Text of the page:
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Gunnery Sgt. Carlos Hathcock is a Marine Corps legend and one of the most lethal snipers in history. His incredible true-life war stories are the stuff Hollywood movies are made of. In this episode of the We Are The Mighty podcast we talk about his sniper duels, that time he crawled two miles to kill a Vietnamese general, and more. Don’t miss this episode of a real American badass.

Hosted by:

Selected links and show notes from the episode

Music licensed by Jingle Punks

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  • Jimi Jingle Thing-JP
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Articles

Catching up with triple amputee Bryan Anderson


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Bryan Anderson is an Iraq War veteran turned model, actor, motivational speaker, book author, and more. He achieved all of these noteworthy accomplishments while dealing with life as a triple amputee.

Bryan enlisted in the Army in early 2001 and shipped out to his duty station on September 11, 2001. He served two tours in Iraq as an MP (Military Police) Sergeant before being injured by an IED that resulted in the loss of both legs and his left hand. He was awarded a Purple Heart and spent over a year rehabilitating at Walter Reed Hospital.

Bryan’s story has received extensive media coverage including features in Esquire Magazine and articles in major publications, such as LA Times, New York Times, and Chicago Sun. He appeared in the HBO documentary, Alive Day Memories: Home from Iraq with the late James Gandolfini, CSI: NY, The Wrestler with Mickey Rourke, and American Sniper with Bradley Cooper.

As you’ll hear in this special edition of the WATM podcast, Bryan’s energy is contagious.

Hosted by:

Selected links and show notes from the episode

• [00:00] Bryan Anderson website

• [02:05] Quantum Rehab

• [05:17] iLevel Power Chairs

• [07:25] Bryan Style

• [07:40] Bryan Anderson YouTube channel

• [11:15] This former SEAL Team 6 members is climbing Everest for vets

• [12:20] This Marine could be the first combat-wounded veteran to climb Everest

• [20:50] Watch these 5 vets admit what branch they’d pick if they joined again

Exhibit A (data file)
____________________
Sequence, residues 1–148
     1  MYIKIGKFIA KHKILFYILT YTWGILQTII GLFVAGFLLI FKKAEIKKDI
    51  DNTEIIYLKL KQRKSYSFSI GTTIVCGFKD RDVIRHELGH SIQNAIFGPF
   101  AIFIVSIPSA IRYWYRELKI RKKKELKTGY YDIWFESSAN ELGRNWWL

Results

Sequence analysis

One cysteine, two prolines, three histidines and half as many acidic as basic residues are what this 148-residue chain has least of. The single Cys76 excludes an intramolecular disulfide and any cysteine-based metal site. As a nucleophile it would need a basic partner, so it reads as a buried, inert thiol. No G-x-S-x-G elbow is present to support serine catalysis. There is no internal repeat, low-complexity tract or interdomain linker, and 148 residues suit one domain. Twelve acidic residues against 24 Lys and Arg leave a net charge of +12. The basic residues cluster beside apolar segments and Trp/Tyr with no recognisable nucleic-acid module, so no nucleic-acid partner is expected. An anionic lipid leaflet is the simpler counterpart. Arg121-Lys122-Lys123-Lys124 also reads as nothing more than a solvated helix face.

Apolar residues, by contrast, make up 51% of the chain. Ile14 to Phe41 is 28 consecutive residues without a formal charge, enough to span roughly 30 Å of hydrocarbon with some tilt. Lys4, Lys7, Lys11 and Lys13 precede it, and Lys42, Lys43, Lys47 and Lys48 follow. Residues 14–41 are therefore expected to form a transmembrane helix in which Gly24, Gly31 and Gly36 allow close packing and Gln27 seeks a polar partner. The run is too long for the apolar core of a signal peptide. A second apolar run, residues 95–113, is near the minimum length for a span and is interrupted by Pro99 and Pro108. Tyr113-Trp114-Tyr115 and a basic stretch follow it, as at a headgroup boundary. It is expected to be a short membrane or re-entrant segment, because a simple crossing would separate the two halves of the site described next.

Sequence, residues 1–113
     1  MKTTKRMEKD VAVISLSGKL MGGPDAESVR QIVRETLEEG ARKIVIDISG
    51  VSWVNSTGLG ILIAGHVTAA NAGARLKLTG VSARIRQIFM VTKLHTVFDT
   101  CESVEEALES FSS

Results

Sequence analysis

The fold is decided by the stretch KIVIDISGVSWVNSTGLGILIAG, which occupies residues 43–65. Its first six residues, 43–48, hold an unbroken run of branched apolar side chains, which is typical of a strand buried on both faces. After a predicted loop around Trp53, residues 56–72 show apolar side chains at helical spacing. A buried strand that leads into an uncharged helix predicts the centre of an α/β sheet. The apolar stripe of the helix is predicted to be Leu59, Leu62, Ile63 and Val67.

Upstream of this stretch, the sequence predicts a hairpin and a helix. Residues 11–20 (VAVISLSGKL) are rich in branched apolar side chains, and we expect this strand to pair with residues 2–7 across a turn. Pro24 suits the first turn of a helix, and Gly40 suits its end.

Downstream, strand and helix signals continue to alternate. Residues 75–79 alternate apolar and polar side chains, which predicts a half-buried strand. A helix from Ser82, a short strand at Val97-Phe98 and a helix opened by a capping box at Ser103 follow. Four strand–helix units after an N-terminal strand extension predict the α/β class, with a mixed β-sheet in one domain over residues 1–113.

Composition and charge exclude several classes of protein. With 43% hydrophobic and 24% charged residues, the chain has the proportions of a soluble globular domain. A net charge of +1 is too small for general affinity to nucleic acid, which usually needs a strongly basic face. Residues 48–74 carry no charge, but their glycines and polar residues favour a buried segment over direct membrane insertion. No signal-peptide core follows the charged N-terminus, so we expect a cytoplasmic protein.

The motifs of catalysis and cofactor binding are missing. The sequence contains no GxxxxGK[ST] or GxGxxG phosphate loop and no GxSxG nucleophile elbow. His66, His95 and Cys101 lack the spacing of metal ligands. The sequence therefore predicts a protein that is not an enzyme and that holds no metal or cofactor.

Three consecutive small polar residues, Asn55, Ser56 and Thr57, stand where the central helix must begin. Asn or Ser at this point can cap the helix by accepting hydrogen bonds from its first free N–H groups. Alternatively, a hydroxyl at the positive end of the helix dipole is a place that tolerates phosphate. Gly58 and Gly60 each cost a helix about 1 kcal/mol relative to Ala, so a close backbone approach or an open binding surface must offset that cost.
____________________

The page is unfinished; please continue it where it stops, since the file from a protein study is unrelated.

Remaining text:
• [22:10] Fort Hood is the black hole of the Army: The 7 funniest Yelp reviews for military bases

• [25:30] Bryan Anderson’s film career

• [31:50] Meeting Gary Sinise and working for his foundation

• [37:45] Gary Sinise Foundation 

• [40:20] Building houses for fellow vets with Gary Sinise

Music license by Jingle Punks

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  • Heavy Drivers
Articles

What you need to know about the Navy SEAL Trump picked for his cabinet


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New York Times best-selling author of “American SniperScott McEwen joined us to discuss Ryan Zinke, the co-author, and subject of his latest book “American Commander.”

McEwen teamed with Zinke — a former SEAL Team Six Commander and the only US Navy SEAL in Congress — to write a book about the now-politician’s life.

Zinke is also Donald Trump’s pick for Secretary of the Interior.

Zinke’s military career began in 1985 when he graduated from Officer Candidate School and attended SEAL training (BUDS class 136). He was first assigned to SEAL Team One in Coronado, California, then was later selected for SEAL Team Six where he was a Team Leader and a commander.

As McEwen tells it, after a decade of service, Zinke was assigned as Deputy and Acting Commander of Combined Joint Special Operations for Operation Iraqi Freedom where he led a force of over 3,500 Special Operations personnel. In 2006 he was awarded two Bronze Stars.

An author experienced in telling the stories of high-level special operators, McEwen goes on to explain how Zinke retired from active duty 2008 after serving 23 years as a Navy SEAL. Zinke later ran for Congress and was sworn into the House of Representatives on January 6, 2015, and became the first Navy SEAL in the House.

Hosted by:

Selected links and show notes from the episode:

  • [04:40] The general who wanted special operators to find out how many dogs were neutered before carrying out an operation.
  • [07:35] What the process for clearing a book through the Department of Defense is like.
  • [09:25] Why the book does not say “SEAL Team Six” even though it is referring to SEAL Team Six.
  • [11:50] Military family sacrifice.
  • [15:30] Common threads of special operators.
  • [17:30] The differences in Navy SEAL operators.
  • [19:30] Zinke and Gen. Mattis.
  • [25:35] What military veterans —like Zinke and Mattis— bring to U.S. politics.
  • [30:15] Defining Zinke through his relationship with his family.
  • [36:10] That time Navy SEALs were chastised by upper leadership for nabbing a bad guy.

Music license by Jingle Punks

  • Bad News Travels Fast
  • Game Up
Articles

It will make you angry to learn how a veteran lost $100k in benefits

Before you read any further, the lesson here is don’t listen to anyone with an opinion about your VA benefits. Even when the Department of Veterans Affairs makes a “final” decision on your case, you can still appeal. So, don’t listen to your Staff Sergeant. Anyone still wearing a uniform is not an expert on your personal VA claim.